As a journalist, my job is to present both sides of an argument. This can be very difficult when the topic is something I have strong opinions about. While writing my recent article about exotic pet ownership for The Globe and Mail, I felt I should muzzle my own feelings about the subject in order to be fair to those who own, and love, their perfectly legal exotic pets.
Yesterday’s tragedy in Campbellton, N.B., in which two young boys were believed to have been killed by an escaped rock python during an innocent sleep-over, has once again thrown my journalistic instincts for a loop.
The attack is so horrifying that it borders on the incomprehensible. Even those who make their living handling dangerous snakes can’t seem to get their heads around it. The facilities manager at one Ontario reptile zoo told the CBC, “It’s strange… it doesn’t make sense to me.” Another snake professional, this time at a reptile store in Hamilton, found the tragedy simply “bizarre.”
If the people who spend their days dealing with exotic snakes can’t understand how this could have happened, how are the rest of us supposed to?
One way is to simply draw a line in the sand, to say all potentially dangerous exotic pets should be banned right now. Another way is to push for increased regulation of exotic animals in the form of mandatory inspections and licensing systems. Finally, there are those who would attack the above ideas as mere political opportunism, the hijacking of a senseless tragedy for the sake of an agenda.
Well, call me an opportunist, but even before the events in Campbellton, and after listening to both sides of the conversation for a long time, I still see no justification whatsoever for allowing people to own dangerous, undomesticated, undocumented animals.
Regulation, for all its merits, would be an incredibly expensive undertaking, and would by proxy endorse the practice of keeping quasi-wild animals under lock and key. An all-out ban, however, would solve the problem right here, right now. A ban would also save countless exotics from spending lifetimes in captivity, which for many species is simply a euphemism for physical and psychological agony.
A domestic species is one that has lived side-by-side with humans for millennia, one that has been selectively bred for docile or otherwise desirous behaviour, one that has literally had the wild eliminated from its repertoire (to the extent that it can be).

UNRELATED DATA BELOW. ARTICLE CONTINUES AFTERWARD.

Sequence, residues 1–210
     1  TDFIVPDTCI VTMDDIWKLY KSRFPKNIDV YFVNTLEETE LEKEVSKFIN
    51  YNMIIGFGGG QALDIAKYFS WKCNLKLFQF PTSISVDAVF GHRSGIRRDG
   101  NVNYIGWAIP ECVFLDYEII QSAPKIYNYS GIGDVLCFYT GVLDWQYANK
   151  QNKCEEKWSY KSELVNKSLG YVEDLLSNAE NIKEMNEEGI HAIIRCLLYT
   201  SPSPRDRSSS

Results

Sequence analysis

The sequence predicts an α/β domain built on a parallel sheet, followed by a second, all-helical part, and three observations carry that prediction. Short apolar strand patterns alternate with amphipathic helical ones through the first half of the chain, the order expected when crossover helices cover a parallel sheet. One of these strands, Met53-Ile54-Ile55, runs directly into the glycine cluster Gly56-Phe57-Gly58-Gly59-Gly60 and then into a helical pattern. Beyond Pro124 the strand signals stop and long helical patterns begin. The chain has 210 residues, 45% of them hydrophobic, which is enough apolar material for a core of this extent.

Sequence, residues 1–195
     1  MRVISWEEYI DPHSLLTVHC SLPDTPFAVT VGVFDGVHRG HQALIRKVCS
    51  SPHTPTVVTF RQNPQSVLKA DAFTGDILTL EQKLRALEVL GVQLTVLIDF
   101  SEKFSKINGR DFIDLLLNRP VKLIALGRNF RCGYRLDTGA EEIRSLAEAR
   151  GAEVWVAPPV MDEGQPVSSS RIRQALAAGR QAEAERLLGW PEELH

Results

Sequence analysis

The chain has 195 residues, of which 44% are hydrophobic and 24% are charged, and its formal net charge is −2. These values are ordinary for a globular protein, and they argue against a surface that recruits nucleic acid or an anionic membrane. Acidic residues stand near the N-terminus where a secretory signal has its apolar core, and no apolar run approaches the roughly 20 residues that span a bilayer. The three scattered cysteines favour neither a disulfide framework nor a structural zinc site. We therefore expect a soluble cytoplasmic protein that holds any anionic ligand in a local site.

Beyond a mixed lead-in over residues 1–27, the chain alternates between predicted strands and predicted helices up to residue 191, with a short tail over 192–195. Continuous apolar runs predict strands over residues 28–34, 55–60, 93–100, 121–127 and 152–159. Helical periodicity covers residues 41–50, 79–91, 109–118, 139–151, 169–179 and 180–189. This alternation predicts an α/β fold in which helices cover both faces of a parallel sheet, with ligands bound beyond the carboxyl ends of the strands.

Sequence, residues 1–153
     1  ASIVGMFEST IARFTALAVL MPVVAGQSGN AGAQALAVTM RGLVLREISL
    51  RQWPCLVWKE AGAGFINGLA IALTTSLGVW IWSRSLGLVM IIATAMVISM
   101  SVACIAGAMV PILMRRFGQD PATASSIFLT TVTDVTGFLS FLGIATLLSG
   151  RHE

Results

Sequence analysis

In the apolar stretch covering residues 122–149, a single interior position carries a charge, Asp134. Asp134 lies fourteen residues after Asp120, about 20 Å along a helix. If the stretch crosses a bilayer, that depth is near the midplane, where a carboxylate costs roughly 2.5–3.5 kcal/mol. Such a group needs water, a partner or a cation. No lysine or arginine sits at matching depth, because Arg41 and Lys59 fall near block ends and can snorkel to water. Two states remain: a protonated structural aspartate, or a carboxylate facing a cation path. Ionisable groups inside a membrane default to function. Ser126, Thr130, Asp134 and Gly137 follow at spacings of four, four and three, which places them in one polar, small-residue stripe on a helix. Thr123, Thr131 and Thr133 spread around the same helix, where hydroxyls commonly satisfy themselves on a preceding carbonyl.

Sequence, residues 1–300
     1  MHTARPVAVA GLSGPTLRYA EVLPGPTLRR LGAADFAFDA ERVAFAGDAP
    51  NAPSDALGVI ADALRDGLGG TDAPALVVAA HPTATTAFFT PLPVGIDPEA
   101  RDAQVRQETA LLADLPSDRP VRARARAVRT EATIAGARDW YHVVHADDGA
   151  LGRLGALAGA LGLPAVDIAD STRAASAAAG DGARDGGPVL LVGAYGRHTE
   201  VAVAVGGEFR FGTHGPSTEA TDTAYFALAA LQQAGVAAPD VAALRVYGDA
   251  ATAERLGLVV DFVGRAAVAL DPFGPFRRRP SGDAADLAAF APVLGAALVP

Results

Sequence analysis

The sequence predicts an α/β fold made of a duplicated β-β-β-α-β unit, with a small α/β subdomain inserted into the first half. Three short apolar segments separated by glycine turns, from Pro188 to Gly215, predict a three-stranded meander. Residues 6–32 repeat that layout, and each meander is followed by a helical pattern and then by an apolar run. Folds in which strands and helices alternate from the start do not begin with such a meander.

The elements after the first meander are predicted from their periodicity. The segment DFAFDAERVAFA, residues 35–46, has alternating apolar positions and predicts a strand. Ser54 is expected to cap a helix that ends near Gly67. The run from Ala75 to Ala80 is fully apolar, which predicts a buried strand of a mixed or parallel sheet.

An undomesticated animal in captivity is, by definition, an animal that has been underestimated. Large snake owners have been known to wax lyrical about those special moments when their snake has laid down next to them. A snake expert would warn that such an animal is not seeking companionship but simply sizing you up.
And then there is the claim made by Scott Shoemaker, Director of Responsible Exotic Animal Owners (REXANO), who I interviewed for my recent article. Mr. Shoemaker actually believes a housecat is more dangerous to a human than a captive tiger.
Here is the problem: across North America, tens of thousands of people who are categorically not experts are keeping dangerous exotic animals like snakes and big cats captive. Whether in a pet store or a human home or a rural backyard, each of those animals is a ticking time-bomb. Say what you will about property rights and freedoms, none of us should have the right to endanger our neighbours and their children because of some predilection for exotic creatures. This isn’t the time to ban these sorts of “pets”; the time to ban them was years ago.
Andrew Westoll was the winner of the 2012 Charles Taylor prize for his book The Chimps of Fauna SanctuaryReport Typo/Error
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